In 1862, Cecilia Douglas, a Glasgow widow, left a bequest of paintings to the Kelvingrove Art Gallery, among them an exquisite still life by the Dutch Old Master Willem van Aelst.

Following revelations in yesterday's Sunday Herald, however, visitors might now look at his luminous composition of cherries and fish with a more jaundiced eye. News that Mrs Douglas's fortune came from her husband's plantation in the Caribbean, where he owned hundreds of slaves, means that works of art once purchased to enhance the Douglases' social status, today hang in public like badges of shame.

Faced with this new information about the Douglas collection, a spokesperson from the Kelvingrove Museum's board said that whether these works should be taken off display or sold was for the public to decide. Her statement seems to suggest that if disgust with their provenance runs so high that people demand their removal, the museum will bow to their will. So should we ask for the Douglas bequest to be hidden, or sold?

As a statement of revulsion with an era that besmirches the nation's history, it's tempting to ignite a bonfire of cruelties, thereby proclaiming that those who condoned or profited from slavery are reviled rather than revered. Yet, no matter how murky its ownership, I could not throw van Aelst's work into the flames, or consign it to a vault where nobody would ever see it again.

The unpalatable truth is that slave owners often used their vast profits to buy magnificent works of art. This may have been done to purify their consciences or sweeten the air around them when visitors called, but as van Aelst's work, and that of countless other artists and architects show, treasures such as these are a two-edged legacy. Like roses, despite being grown on dunghills, and studded with thorns, they are undeniably lovely. They are also part of our heritage, a clue to what made Scotland the place it is today.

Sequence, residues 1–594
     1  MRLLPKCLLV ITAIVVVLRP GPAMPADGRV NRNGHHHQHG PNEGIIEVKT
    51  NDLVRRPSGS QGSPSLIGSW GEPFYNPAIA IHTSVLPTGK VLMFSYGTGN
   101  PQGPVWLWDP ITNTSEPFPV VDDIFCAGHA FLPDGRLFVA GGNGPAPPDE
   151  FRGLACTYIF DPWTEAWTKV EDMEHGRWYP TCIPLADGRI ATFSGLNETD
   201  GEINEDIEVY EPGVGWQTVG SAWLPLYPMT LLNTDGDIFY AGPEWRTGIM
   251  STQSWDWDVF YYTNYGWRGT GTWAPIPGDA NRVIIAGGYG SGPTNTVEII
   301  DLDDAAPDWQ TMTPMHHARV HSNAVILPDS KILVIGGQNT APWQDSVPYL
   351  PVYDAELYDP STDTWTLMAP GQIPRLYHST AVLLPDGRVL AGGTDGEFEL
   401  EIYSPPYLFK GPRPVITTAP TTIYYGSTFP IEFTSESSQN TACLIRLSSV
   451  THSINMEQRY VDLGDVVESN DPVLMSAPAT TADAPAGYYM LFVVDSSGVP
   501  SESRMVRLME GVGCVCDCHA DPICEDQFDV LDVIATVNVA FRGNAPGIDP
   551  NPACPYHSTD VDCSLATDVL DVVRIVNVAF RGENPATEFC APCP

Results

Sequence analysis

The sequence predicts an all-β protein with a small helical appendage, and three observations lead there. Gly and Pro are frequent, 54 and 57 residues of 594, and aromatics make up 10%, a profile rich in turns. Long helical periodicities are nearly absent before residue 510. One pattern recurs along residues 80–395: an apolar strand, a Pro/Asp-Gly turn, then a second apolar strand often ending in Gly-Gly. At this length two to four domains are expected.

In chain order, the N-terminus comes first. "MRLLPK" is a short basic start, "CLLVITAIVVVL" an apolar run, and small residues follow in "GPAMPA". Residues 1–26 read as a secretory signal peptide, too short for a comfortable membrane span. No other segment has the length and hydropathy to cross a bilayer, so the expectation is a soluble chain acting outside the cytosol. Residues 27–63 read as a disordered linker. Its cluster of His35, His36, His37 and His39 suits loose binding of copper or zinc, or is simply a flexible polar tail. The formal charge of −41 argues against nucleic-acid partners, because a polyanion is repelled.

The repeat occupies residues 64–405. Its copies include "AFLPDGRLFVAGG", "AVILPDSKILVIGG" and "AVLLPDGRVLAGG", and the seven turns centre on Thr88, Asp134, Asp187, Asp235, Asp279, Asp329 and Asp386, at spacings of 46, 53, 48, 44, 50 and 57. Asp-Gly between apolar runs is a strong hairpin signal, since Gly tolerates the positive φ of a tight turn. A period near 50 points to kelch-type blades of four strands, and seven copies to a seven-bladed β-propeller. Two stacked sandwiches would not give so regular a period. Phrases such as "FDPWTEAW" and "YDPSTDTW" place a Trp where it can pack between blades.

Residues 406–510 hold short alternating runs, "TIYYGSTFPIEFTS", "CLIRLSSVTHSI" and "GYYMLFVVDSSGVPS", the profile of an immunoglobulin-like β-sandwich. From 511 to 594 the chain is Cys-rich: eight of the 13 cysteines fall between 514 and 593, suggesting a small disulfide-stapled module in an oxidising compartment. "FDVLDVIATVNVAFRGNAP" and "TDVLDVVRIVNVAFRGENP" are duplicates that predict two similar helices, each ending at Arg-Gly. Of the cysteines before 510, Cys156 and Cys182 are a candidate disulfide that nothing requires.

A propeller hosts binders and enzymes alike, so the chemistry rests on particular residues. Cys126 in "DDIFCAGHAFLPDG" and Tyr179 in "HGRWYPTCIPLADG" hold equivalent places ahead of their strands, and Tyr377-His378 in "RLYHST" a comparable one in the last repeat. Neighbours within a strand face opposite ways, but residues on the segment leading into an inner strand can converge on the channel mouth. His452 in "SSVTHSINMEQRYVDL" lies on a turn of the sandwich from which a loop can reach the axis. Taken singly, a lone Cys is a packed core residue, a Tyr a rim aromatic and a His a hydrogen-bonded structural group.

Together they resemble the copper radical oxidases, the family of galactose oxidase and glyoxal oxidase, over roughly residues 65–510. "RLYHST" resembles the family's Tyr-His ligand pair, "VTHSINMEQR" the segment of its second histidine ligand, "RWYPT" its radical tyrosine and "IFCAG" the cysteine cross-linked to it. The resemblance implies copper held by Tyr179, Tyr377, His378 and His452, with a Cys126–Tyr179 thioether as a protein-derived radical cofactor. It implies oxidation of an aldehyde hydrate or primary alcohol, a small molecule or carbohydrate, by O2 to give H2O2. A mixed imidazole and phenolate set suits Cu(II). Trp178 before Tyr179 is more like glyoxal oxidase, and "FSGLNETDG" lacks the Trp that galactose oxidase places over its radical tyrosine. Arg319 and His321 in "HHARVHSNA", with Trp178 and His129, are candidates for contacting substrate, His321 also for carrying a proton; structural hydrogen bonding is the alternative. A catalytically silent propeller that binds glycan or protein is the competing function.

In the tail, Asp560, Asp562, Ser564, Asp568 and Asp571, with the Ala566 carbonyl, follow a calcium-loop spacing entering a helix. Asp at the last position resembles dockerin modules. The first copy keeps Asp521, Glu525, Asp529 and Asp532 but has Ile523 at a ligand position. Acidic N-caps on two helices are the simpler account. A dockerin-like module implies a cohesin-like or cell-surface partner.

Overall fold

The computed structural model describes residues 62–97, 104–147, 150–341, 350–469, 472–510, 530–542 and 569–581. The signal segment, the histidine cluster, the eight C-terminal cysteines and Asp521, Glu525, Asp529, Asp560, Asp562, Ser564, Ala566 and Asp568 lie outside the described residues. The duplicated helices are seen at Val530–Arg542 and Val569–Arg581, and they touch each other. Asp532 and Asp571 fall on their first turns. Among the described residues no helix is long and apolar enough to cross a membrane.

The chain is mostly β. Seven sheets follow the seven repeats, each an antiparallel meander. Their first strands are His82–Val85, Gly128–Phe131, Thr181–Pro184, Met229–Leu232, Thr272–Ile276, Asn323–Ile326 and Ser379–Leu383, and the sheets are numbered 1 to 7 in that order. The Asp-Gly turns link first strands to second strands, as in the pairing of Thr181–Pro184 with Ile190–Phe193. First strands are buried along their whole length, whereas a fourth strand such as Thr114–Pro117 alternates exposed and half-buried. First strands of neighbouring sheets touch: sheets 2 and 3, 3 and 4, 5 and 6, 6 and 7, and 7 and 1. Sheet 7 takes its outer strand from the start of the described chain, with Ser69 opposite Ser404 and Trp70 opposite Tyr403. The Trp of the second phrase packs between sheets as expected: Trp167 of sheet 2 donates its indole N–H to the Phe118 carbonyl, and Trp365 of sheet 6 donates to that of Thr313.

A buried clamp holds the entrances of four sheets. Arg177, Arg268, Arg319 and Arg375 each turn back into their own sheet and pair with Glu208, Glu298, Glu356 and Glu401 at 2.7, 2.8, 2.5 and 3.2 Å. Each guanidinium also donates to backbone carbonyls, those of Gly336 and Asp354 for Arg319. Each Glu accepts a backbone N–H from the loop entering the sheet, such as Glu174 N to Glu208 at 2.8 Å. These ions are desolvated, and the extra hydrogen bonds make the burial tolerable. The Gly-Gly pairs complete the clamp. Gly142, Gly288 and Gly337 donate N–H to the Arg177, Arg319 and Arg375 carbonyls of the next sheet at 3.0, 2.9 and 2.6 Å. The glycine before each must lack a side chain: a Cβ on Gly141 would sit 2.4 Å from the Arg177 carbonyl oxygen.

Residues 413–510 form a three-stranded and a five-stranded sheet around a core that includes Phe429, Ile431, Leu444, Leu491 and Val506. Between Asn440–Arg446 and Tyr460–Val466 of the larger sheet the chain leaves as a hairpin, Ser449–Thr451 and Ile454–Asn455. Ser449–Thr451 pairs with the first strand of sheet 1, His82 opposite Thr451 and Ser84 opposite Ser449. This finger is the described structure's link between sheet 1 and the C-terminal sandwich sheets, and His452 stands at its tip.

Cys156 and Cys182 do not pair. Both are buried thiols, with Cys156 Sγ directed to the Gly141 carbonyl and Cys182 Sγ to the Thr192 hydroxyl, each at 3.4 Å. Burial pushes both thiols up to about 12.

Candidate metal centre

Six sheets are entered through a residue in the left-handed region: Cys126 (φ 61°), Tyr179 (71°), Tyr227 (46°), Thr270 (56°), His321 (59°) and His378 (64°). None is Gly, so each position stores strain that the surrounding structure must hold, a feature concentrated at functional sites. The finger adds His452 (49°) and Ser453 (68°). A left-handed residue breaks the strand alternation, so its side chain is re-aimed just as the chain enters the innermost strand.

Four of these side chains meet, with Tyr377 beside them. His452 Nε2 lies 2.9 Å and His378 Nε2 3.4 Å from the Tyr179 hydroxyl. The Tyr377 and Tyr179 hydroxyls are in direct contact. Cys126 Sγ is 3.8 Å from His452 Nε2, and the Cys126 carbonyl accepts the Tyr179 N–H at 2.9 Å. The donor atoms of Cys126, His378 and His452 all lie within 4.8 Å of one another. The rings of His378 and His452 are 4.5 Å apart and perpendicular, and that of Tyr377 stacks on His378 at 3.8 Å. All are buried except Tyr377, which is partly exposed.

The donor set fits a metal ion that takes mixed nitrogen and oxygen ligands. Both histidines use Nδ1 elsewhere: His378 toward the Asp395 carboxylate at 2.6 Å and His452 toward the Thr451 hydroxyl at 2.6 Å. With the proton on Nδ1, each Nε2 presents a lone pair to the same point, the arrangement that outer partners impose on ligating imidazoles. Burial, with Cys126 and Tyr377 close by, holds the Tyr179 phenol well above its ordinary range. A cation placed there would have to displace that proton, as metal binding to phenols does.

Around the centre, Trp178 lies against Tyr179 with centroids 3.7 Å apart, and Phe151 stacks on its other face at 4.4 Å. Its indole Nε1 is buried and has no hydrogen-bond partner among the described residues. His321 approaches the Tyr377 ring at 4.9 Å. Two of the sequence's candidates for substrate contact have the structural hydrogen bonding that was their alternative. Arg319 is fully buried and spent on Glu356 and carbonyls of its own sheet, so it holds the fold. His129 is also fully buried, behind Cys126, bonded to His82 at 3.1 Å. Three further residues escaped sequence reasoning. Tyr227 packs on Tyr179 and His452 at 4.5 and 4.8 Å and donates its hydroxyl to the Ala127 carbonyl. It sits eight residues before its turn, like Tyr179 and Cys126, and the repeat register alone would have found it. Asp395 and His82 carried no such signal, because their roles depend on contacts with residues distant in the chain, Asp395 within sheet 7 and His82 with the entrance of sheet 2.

Even if one wanted to destroy the evidence of plantation owners' money, where would it end? To banish all reminders of a trade that made Britain immensely rich and powerful would be to start a snowball that would eventually obliterate half the landscape. In such a purge there would be no Tate Gallery in London, no All Souls College in Oxford; half the aristocracy would live in sink estates rather than splendour, while in Glasgow alone it would look as if an army of unmanned bulldozers had been set loose, with some of its finest houses, churches and streets wiped from the map. Beyond the city, meanwhile, dozens of stately homes would have to be razed. Because, as the compensation slave owners received when the trade was finally abolished shows, Scotland may have been small, but its role in the plantation economy was anything but.

I was struck recently, when visiting Lisbon's maritime museum, that a country so famously built on this trade cannot even bring itself to mention its slaves. Poring over models of boats and men-of-war from the zenith of the Portuguese slave-ships, I found not one word about them.

It would be equally disgraceful for us to airbrush Scotland's significant role in slavery, and do a grave disservice not just to its victims, but to their descendants too. Politicians can offer apologies, and historians can open our eyes to the past, but no country can ever fully atone for the crimes on which it is built. What it can do, though, is make sure that nobody forgets it.

Otherwise, to remove the evidence or mask the facts is to behave like an accessory to the crime. Sadly we cannot do anything to change the misery that lies behind Mrs Douglas's paintings. We can, however, take every opportunity to remind ourselves of this country's part in their origins. Given that much of its money came from this trade, Glasgow should perhaps take the lead in showing remorse with an annual day of remembrance. This could be held in the Merchant City where, apparently, only the likes of tobacco lairds were allowed to walk on streets specially paved to keep their shoes free of muck, even though, as everyone knew, their hands were blacker than a chimney sweep's.